PPAA: Seth, in particular, is a hard person. You can tell he’s a good person, but he has that hardness. Where do you think that comes from?
JT: I think the hardness comes from his family. He was born of free parents. He heard stories of the struggles his parents and grandparents came from, but when they came to Pittsburgh all that was left behind. He’s an uppity guy, he say’s something like “I never touched cotton, I’ve never seen cotton.” All that’s foreign to him. He’s kinda a snob, he says “those niggers coming up here with that backward country style of living.” That says it all to Seth. They’re so 1848, so in the past. He wants them to step it up, “Come into the future! We’re free right now, yes it’s hard but you have to do this things, this is how you’re gonna get here.” He’s all business—he’s not a Sambo, he doesn’t kowtow. He knows the difficulty of being black in that time period, but he doesn’t hold back. “Move on,” that’s what it’s about.
PPAA: This play takes place in Pennsylvania 100 years ago, in the same year that Plays and Players was founded. Much has changed in America and for African Americans since then, but what makes this work relevant today, to you?
JT: It’s about people holding each other and motivating each other. It says something about being more open to each other as a race. At the end of the day they were all supporting each other and you don’t see that very much these days.
PPAA: Is this you first time with Plays and Players? What did you like about the production and the company?
JT: I’ve been trying to get in this theater for the longest time. I love being on that stage. It’s a historic stage. I think about people on this stage 100 years ago, people were pushing carts down the street and blacks might’ve been free but they were still second class. I think about that, and I respect that history, and I’m here now.
PPAA: I met your young niece on opening night. This was her first time seeing you on stage. What did she think? Do you have any insight on what she took away from the play?
JT: Yes! Sianni! She talked about it from the moment she got home. She took the program to school with her to show her teacher and her friends.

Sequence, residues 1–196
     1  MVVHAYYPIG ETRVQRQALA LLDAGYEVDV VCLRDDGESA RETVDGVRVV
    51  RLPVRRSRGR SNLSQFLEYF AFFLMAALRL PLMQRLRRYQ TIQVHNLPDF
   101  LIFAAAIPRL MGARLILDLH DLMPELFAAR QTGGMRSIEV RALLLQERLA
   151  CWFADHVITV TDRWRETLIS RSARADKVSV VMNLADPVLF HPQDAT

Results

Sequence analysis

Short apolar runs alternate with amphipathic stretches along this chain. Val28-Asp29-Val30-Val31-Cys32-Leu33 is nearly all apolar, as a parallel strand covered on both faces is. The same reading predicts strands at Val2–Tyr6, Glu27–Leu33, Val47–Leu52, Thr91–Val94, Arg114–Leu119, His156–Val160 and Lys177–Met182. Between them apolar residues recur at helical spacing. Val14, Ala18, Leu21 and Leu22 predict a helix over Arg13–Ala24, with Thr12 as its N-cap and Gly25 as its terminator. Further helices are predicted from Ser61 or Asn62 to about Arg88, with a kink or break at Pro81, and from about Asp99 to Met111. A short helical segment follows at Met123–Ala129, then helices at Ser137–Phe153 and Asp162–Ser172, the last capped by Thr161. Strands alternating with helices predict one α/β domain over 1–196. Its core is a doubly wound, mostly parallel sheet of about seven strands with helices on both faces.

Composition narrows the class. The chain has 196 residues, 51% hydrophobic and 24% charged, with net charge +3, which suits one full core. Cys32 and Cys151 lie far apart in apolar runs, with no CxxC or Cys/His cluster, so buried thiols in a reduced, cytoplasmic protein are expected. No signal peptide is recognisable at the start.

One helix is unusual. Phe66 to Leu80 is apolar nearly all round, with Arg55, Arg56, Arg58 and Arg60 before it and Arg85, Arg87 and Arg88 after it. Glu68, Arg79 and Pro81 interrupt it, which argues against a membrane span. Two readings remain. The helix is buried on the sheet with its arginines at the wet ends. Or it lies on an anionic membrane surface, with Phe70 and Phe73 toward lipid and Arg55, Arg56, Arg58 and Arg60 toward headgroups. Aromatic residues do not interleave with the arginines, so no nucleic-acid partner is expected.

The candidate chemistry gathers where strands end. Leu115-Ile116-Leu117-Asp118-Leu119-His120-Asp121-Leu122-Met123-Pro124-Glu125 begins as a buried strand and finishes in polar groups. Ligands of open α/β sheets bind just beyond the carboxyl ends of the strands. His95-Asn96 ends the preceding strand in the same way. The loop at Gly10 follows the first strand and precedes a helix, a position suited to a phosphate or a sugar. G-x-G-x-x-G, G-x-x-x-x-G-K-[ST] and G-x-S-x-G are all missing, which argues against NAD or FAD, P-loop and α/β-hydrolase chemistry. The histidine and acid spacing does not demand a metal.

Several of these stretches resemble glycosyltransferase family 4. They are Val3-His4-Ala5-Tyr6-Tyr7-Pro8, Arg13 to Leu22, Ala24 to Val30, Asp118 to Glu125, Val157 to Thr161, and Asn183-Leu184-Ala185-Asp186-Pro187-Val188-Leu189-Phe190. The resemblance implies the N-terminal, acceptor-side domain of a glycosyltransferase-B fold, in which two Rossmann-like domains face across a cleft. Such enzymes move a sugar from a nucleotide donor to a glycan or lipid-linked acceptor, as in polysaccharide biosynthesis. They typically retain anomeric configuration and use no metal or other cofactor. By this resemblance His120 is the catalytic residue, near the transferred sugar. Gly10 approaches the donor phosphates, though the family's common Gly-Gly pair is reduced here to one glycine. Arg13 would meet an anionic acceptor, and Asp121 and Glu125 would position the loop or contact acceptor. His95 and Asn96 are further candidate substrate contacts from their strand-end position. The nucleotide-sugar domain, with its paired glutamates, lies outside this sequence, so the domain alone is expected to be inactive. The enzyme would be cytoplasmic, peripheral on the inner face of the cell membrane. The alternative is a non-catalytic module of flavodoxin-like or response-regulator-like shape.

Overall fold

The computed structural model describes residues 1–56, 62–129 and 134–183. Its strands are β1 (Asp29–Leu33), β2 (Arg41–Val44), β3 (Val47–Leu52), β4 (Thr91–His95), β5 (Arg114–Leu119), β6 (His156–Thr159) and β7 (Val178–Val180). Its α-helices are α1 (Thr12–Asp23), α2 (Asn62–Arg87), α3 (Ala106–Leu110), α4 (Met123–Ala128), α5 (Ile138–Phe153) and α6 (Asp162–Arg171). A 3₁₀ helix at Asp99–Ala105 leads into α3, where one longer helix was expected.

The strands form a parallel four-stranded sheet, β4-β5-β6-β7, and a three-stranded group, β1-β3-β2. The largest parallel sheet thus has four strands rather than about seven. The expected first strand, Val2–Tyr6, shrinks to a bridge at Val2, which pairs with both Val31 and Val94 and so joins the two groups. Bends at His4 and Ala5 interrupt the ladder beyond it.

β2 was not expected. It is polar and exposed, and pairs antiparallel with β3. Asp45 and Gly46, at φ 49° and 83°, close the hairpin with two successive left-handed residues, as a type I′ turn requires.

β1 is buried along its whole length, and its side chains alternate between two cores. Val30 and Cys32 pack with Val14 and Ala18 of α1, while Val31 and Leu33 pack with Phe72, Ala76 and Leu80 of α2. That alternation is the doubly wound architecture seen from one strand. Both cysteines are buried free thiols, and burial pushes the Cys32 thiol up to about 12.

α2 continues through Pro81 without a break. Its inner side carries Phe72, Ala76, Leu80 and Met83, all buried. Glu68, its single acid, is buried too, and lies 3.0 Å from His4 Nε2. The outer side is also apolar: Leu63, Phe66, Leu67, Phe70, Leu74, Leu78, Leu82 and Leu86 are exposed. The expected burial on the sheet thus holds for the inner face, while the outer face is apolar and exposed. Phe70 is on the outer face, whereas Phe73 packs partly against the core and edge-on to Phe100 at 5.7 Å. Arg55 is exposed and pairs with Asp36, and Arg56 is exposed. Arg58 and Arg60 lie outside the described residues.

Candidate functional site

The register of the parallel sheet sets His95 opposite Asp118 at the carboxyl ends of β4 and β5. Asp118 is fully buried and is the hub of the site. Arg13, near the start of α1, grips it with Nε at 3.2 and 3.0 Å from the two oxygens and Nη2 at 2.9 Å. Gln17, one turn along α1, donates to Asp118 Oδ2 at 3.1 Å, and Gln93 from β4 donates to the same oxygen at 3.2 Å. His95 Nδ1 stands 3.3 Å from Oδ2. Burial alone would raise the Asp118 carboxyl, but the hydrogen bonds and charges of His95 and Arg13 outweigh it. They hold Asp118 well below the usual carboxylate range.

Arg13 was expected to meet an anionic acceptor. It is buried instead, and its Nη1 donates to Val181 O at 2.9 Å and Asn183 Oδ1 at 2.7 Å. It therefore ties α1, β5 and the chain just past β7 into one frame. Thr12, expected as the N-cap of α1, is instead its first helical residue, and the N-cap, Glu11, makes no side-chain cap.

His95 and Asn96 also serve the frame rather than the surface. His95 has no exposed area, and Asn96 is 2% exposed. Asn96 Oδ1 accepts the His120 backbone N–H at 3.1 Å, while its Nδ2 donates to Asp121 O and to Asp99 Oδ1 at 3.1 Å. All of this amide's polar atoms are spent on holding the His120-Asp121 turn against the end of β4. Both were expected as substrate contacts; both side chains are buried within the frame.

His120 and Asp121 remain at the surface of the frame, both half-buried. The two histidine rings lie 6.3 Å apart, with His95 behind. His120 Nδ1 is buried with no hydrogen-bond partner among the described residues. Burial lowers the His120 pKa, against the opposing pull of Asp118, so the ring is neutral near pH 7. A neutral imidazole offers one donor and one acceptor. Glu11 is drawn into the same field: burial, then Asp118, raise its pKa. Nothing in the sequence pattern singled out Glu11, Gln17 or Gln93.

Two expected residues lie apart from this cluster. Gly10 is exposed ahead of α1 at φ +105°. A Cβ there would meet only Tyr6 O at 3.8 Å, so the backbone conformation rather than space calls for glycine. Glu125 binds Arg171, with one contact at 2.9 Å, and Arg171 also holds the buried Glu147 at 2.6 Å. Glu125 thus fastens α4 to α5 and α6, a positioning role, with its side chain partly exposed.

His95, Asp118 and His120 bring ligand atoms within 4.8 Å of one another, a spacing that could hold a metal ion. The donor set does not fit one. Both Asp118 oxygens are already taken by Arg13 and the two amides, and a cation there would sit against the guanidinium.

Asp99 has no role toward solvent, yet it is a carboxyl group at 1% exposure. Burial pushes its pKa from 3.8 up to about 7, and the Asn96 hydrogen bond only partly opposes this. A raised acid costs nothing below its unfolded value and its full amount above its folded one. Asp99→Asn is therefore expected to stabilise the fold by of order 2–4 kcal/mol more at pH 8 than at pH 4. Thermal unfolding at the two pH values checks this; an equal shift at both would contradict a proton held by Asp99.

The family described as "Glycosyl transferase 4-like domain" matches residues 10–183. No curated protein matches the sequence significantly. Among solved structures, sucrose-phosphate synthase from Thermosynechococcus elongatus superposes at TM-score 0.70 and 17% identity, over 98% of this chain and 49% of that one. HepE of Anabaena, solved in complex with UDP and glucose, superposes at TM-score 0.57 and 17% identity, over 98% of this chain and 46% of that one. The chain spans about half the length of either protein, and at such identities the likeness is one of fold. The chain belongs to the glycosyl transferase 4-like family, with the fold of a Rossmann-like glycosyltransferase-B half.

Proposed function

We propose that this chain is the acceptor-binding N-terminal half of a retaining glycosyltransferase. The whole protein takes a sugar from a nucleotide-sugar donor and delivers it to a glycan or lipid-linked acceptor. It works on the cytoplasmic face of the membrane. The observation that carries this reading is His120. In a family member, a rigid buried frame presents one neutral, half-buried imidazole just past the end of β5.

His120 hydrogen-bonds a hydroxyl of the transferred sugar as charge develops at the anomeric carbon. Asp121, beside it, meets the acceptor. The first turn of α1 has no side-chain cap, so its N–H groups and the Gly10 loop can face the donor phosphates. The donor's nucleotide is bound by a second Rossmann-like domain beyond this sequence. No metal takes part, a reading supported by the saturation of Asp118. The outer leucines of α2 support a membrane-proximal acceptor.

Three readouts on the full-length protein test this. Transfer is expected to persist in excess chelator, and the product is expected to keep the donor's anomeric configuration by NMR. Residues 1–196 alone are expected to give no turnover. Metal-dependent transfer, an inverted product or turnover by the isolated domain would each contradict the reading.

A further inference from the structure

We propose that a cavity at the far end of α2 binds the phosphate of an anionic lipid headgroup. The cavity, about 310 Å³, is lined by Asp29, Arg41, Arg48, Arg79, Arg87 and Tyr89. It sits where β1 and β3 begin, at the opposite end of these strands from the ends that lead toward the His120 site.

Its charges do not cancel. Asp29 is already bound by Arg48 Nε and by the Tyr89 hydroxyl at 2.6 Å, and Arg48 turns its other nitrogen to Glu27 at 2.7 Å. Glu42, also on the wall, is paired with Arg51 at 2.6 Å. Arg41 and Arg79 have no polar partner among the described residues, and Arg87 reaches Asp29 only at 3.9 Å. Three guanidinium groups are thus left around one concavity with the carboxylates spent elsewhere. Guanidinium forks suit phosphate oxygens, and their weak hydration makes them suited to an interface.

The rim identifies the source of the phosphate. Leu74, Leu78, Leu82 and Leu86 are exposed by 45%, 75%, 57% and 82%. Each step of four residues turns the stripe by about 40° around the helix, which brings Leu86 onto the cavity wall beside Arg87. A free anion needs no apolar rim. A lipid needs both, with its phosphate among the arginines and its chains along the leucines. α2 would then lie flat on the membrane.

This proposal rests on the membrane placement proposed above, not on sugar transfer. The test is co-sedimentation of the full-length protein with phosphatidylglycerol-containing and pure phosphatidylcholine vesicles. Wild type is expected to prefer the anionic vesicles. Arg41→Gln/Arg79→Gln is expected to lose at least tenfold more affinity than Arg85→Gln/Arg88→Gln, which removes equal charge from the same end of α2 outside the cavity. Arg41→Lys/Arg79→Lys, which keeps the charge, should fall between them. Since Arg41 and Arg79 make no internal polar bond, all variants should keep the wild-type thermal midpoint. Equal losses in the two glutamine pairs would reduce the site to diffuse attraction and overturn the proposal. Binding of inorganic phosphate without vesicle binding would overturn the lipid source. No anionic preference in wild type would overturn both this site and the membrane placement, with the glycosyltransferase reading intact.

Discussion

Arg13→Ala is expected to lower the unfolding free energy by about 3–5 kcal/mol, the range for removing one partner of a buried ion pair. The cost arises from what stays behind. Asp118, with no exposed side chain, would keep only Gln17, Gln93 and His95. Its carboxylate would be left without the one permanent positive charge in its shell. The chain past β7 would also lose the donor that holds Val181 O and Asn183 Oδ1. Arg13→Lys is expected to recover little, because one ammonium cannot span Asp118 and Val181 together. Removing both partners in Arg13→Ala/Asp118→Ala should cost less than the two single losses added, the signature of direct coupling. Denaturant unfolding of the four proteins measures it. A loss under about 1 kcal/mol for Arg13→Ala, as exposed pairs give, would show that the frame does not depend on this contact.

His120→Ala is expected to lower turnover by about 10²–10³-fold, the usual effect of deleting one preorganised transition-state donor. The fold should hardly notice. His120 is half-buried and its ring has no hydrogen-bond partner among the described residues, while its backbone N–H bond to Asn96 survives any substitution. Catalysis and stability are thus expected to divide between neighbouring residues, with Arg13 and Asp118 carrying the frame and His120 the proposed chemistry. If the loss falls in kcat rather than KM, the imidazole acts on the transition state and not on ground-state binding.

PPAA: How do you approach the stage differently now than you did when you were starting out?
JT: I approach it as a regular guy. I started out in musical feature. I did Starlight Express in Germany. An international tour of Hair. I’ve really done everything I set out to do. I’ve been a working actor for a long time, no bartending, et cetera. I think when I made that decision everything fell into place. Now, I’m doing more character stuff and I’ve done a lot in my 46 years so I’ve got a lot to draw on.
PPAA: How do you think the theater, and theater in Philadelphia, has changed in your career?
JT: I haven’t been in Philadelphia the whole time, but in general I think there’s much more colorless casting, people taking more chances with minority casting. And I’m openly gay, so playing a lead role who’s heterosexual man in 1911 is a big thing, a big step forward. When I first went to the audition I was a little worried about not being cast because I’m openly gay, but I’m really grateful I had the opportunity to show that sexuality really has nothing to do with who we are as actors. Gay rights and civil rights, it’s all the same thing: one’s dealing with race one’s dealing with sexuality
PPAA: What projects do you have on the horizon?
JT: I’m going to start taking guitar lessons, take a break and focus on my music, unless something comes up and I really have to do it.
PPAA: Thanks for talking to me. I’m going to get another drink.
JT: Anytime, brother.